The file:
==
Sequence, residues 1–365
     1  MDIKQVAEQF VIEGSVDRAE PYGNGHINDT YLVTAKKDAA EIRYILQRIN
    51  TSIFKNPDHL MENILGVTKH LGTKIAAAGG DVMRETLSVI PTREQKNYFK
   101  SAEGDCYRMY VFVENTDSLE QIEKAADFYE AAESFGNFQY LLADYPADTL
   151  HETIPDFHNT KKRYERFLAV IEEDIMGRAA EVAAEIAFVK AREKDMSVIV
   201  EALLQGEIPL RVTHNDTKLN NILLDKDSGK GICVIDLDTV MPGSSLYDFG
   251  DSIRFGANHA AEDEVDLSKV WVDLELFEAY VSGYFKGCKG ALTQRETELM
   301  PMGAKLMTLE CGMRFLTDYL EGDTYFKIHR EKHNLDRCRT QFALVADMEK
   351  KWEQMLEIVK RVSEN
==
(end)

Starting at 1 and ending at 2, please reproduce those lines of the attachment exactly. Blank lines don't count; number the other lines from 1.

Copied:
Sequence, residues 1–365
     1  MDIKQVAEQF VIEGSVDRAE PYGNGHINDT YLVTAKKDAA EIRYILQRIN